Sen. Getty plans to discuss Lincoln's legacy

A scene in front of the Capitol is shown during Lincoln's second inauguration in 1865 just six weeks before his assassination.
A scene in front of the Capitol is shown during Lincoln's second inauguration in 1865 just six weeks before his assassination.(AP FILE PHOTO, Carroll County Times)

He died 148 years ago from a bullet wound to the head.

He is immortalized at a monument bearing his name in Washington.

His face is one of four carved into Mount Rushmore in South Dakota.

Abraham Lincoln, the 16th President of the United States, is one of the most famous figures in the country's history. He led the victorious Union through the Civil War, which put an end to slavery in the United States.

While Lincoln is certainly well-known, he is also suddenly a pop-culture icon as the United States commemorates the 150th anniversary of his famous Gettysburg Address.

Daniel Day-Lewis won Best Actor at the Academy Awards for his portrayal of Lincoln last week, and in four days, Sen. Joe Getty, R-District 5, a noted history buff, will discuss Lincoln's pivotal second inaugural address.

Getty will offer his take on the second inaugural address at 7 p.m. April 10 at the North Carroll branch of the Carroll County Public Library in Greenmount.

The free presentation is part of Carroll County Public Library's Freedom Shrine Document series. The library is exhibiting important documents in U.S. history and hosting programs to discuss them.

"Since [Getty] is so knowledgeable and a historian and always writing articles ... we thought that it would be great to have him," said Cindy Ahmann, the Greenmount library's branch manager.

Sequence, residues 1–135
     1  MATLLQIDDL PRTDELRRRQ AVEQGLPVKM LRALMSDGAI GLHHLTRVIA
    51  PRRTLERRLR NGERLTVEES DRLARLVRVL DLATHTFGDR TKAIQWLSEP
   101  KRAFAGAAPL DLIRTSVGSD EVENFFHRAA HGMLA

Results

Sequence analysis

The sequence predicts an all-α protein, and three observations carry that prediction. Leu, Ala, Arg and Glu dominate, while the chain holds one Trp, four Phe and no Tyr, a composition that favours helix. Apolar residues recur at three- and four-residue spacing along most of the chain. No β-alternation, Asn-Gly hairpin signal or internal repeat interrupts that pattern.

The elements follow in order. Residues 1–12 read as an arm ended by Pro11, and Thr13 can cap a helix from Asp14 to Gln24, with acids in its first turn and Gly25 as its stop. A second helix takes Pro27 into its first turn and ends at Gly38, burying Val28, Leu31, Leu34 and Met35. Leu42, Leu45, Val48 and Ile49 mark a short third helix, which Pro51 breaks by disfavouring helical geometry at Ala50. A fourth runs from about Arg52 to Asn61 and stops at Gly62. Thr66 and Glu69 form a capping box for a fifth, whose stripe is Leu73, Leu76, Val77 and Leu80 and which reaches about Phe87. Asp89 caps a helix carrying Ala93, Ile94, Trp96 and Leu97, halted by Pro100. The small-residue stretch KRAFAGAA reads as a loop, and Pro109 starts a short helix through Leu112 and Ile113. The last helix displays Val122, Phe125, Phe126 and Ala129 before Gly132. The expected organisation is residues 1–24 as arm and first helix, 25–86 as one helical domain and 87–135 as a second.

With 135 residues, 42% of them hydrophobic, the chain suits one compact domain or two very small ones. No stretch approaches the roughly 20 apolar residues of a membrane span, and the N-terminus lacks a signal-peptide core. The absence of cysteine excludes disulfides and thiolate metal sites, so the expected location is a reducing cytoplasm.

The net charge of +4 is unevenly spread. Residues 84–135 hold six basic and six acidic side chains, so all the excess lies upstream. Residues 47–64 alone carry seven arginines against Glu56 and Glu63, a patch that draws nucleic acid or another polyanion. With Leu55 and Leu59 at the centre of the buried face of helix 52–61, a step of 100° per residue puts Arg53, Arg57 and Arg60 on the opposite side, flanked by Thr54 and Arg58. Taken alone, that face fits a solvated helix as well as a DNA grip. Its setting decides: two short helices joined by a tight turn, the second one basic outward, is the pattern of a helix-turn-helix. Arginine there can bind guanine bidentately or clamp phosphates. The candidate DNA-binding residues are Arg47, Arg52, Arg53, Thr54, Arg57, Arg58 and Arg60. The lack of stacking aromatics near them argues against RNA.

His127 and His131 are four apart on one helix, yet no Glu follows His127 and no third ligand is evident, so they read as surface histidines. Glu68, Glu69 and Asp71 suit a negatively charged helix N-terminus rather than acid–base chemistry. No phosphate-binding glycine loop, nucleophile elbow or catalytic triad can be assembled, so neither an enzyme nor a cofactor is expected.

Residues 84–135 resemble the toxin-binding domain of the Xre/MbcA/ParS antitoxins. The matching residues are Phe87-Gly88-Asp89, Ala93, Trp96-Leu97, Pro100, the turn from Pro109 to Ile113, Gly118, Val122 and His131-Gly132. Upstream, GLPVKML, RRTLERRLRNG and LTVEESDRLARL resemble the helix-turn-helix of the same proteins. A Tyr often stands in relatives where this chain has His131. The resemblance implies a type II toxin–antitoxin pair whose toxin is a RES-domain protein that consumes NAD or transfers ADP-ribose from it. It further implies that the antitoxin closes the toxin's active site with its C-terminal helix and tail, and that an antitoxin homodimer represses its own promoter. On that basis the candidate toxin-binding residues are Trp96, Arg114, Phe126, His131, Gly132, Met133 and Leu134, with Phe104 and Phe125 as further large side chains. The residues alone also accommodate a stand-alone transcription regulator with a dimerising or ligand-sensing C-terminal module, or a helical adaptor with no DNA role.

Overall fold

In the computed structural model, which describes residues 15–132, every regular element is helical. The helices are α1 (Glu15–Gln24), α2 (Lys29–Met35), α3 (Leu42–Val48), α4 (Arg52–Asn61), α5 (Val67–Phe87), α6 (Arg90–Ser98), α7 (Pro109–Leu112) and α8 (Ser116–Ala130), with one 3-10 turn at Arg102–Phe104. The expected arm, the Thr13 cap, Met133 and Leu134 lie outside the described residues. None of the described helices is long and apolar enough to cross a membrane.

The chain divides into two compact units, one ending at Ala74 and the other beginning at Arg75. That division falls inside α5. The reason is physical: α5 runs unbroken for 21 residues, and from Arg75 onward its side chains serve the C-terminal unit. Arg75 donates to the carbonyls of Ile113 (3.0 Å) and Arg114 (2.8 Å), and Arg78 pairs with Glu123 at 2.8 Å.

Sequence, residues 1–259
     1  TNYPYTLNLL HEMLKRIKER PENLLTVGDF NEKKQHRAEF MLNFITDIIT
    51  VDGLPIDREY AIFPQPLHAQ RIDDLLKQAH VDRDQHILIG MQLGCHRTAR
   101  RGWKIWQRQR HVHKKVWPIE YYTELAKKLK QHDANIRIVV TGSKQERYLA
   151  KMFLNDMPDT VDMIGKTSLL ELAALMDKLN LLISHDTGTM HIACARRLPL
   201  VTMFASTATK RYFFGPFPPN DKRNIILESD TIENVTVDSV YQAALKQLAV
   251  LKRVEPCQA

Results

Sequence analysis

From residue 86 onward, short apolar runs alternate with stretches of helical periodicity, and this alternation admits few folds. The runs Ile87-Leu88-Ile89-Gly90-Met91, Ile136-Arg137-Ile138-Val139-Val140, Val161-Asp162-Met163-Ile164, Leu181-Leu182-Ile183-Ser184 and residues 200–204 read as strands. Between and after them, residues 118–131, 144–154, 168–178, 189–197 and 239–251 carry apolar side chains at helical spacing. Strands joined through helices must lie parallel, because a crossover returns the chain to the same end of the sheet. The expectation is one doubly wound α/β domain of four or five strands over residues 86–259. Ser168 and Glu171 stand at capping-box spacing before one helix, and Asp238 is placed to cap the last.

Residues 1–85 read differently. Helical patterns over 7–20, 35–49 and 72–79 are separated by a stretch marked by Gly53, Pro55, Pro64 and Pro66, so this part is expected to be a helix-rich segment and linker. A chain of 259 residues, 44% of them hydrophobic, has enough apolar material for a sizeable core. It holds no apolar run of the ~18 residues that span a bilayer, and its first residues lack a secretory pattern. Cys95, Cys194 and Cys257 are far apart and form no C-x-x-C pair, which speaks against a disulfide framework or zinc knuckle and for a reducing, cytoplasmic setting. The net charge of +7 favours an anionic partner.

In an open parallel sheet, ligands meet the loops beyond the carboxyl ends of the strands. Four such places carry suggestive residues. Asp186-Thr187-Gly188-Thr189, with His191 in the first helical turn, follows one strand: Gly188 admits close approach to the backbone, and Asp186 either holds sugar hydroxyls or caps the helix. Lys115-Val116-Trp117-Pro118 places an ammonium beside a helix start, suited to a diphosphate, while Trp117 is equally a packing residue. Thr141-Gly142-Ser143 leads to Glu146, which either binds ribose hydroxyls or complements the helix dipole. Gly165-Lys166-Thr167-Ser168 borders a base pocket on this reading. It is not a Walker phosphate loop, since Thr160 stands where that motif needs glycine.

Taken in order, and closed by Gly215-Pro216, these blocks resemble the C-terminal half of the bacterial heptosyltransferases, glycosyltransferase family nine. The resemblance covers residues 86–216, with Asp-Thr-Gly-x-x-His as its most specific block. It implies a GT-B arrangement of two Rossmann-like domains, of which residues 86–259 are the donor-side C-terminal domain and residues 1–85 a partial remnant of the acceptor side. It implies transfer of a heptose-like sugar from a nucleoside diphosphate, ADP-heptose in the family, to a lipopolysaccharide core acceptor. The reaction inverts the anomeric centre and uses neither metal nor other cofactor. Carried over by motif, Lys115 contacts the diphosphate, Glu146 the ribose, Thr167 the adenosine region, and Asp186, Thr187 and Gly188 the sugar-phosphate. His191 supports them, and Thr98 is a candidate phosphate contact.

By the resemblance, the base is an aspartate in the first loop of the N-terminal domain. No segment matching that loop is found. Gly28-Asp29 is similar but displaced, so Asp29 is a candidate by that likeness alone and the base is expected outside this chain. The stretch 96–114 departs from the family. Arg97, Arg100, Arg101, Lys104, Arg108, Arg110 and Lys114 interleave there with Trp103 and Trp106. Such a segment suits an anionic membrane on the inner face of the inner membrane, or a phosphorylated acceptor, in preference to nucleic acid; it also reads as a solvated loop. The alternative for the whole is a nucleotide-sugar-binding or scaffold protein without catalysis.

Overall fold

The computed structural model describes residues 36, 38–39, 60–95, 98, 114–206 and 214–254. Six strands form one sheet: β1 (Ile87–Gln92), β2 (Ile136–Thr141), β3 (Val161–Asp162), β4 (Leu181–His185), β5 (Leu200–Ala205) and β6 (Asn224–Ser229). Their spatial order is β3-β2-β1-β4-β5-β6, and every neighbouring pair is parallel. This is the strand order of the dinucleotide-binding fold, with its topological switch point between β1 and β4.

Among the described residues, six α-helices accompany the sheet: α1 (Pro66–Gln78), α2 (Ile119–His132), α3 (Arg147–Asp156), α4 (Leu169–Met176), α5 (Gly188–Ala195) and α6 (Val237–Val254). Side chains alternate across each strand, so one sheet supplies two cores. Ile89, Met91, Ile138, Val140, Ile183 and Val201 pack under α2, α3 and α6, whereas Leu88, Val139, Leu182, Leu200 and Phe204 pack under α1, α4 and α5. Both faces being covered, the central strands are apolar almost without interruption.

Lincoln's most well-known speech is the Gettysburg Address, given Nov. 19, 1863, at the dedication of the Soldiers' National Cemetery in Gettysburg, Pa. The brief speech mentioned the principles of human equality found in the Declaration of Independence.

But his second inaugural address, while not as famous, laid the groundwork for America as the Civil War was coming to a close, Getty said. Lincoln gave his second inaugural address March 4, 1865 just five weeks before he was assassinated by actor John Wilkes Booth at Ford's Theatre in Washington.

Getty compared the second inaugural address to the Civil War's version of the Marshall Plan for World War II.

"To historians, the second inaugural address was the most important one he gave because it set the standard for repatriation of the south," Getty said. "It was a message of conciliation without penalty."

In February, Getty gave the annual Lincoln Day address to the Maryland Senate. During that speech, he discussed the Steven Spielberg-directed "Lincoln" and how that movie portrayed the leader.

The movie's script is based on text from Doris Kearns Goodwin's book, "A Team of Rivals," Getty said. It focuses on Lincoln's considerable ability as a storyteller, even though his fellow politicians weren't always excited to hear them.

"There are several times in the movie where he starts a story and the Cabinet just rolls their eyes and are like, 'there he goes again,' " Getty said.

With the 150th anniversary of the Civil War and Lincoln's Gettysburg address taking place this year, the Carroll County Arts Council is planning a screening of "Lincoln" at 3 and 7 p.m. June 13. It was a movie Carroll County Arts Council Executive Director Sandy Oxx said she felt compelled to show because of the movie's relevance to the 150th anniversary and the outstanding performance from Day-Lewis as Lincoln.

She was impressed at how the movie showed how Lincoln grappled with battlefield casualties mounting and continuing the war in the hopes of stopping slavery.

"There's nothing like Big Bucks Hollywood to send a message that reaches the masses," Oxx said. "I think that it's a wonderful thing that they chose that dilemma."

Getty said he is hoping the recent popularity of the movie will help draw more attention to Lincoln, his famous speeches and his legacy.

"The movie is a great vehicle to talk to people about Lincoln's legacy," he said.